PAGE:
Panic grips locals as Kanha tiger walks into Satkosia

Panic has gripped inhabitants of villages near Raigoda after the release of the tiger, which was brought to Satkosia from Kanha National Park in Madhya Pradesh.Villagers of Nuakheta, Badapanchakul,

Published: 10th July 2018 05:34 AM  |   Last Updated: 10th July 2018 05:34 AM   |  A+A-

By Express News Service

ANGUL:  Panic has gripped inhabitants of villages near Raigoda after the release of the tiger, which was brought to Satkosia from Kanha National Park in Madhya Pradesh.Villagers of Nuakheta, Badapanchakul, Labangi, Balanga, Talagarh and Rugudiapada, located in the vicinity of Raigoda, are spending sleepless nights after the three-year-old male big cat was released into the forests of Satkosia Tiger Reserve on Friday. The tiger was in an enclosure at Raigoda since June 21.

Of the villages, Nuakheta is situated only six km from the enclosure and is in close proximity to the forests. The village has a population of about 1500 with 300 families residing in it. 

The villagers claimed that they are able to hear the roars of the released tiger. “We are living in constant fear. The Forest department should regularly inform us about the whereabouts of the tiger, erect wire fencing around the village or relocate us,” they said.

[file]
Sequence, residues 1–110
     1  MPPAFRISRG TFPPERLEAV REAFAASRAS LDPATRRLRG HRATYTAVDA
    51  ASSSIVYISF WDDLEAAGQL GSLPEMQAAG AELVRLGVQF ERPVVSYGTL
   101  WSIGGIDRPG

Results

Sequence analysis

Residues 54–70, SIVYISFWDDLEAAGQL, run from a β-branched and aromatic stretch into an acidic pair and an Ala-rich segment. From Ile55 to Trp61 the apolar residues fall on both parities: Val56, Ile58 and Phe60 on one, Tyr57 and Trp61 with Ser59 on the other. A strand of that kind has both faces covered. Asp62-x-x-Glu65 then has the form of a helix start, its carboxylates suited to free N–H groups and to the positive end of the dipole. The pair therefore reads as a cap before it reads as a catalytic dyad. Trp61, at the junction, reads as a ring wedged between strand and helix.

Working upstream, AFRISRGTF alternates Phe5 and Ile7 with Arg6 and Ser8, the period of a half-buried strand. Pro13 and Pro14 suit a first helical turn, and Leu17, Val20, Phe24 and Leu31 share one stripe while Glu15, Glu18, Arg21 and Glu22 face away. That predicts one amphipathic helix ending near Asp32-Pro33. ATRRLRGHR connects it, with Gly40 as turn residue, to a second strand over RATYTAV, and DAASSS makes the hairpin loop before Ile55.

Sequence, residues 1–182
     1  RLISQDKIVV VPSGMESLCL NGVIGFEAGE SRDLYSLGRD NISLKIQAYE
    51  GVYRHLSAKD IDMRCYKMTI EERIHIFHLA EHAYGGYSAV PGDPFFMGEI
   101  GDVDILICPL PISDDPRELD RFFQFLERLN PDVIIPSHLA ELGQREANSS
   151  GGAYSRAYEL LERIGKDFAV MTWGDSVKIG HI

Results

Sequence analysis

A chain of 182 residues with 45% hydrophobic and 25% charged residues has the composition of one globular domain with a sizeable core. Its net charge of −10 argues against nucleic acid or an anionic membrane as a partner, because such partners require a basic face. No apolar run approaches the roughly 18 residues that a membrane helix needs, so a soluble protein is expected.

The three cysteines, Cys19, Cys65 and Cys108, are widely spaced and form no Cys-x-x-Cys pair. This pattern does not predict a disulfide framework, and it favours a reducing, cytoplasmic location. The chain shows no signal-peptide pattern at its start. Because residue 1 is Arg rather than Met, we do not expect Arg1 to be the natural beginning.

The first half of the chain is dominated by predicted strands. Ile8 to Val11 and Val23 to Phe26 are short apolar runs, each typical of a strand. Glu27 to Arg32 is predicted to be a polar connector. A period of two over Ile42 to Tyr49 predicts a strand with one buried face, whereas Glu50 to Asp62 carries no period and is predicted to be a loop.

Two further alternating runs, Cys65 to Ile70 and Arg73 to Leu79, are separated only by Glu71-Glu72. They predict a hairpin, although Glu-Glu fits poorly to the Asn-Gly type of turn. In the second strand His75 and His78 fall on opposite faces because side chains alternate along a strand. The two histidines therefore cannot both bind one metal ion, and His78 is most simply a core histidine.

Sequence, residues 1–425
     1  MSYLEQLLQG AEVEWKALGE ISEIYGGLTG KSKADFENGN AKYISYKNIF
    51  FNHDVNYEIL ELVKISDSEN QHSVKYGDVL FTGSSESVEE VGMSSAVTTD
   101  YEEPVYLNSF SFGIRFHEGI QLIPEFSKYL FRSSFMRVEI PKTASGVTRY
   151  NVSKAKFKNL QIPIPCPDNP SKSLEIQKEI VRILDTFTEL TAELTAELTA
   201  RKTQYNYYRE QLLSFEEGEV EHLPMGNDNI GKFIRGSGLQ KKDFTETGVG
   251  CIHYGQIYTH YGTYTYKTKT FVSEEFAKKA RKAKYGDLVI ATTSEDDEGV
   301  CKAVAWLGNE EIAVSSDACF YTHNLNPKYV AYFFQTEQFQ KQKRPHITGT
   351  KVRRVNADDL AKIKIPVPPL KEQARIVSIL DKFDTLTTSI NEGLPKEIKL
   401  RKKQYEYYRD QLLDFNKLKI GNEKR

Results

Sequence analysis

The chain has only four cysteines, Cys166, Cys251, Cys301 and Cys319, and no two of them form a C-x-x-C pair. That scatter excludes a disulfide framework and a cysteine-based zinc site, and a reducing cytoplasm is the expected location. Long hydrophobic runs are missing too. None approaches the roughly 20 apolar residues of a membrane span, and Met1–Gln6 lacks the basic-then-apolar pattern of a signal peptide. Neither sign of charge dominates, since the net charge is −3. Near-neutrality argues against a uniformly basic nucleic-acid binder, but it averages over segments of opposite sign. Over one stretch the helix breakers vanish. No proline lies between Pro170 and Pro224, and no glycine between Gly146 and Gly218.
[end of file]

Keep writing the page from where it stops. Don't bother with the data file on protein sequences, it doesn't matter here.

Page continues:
The villagers further said their movement has been restricted after the tiger’s release. People are now moving in groups and remaining alert in the night. The livelihood of villagers has also been hit after the Forest department warned against venturing into the forest which is a source of subsistence for the locals, they said.Blaming the Forest department for restricting the movement of villagers in farm fields and nearby forest, president of Van Surakhya Samiti Amarendra Nayak said the State Government should relocate villagers to another place.

Echoing similar sentiments, another villager said the Government should have thought about the safety of locals before releasing the tiger. But, it has attached more importance to the tiger instead of its own people, he said.However, animal experts dispelled the fears of locals and opined that normally, tigers do not attack human beings and hardly venture into villages. Additional Principal Chief Conservator of Forest (Angul circle) Sudarshan Panda said the fear of villagers is misplaced. “A 24-hour monitoring of the tiger’s movement has been put in place. The locals will be cautioned if the tiger moves towards any village,” he added.

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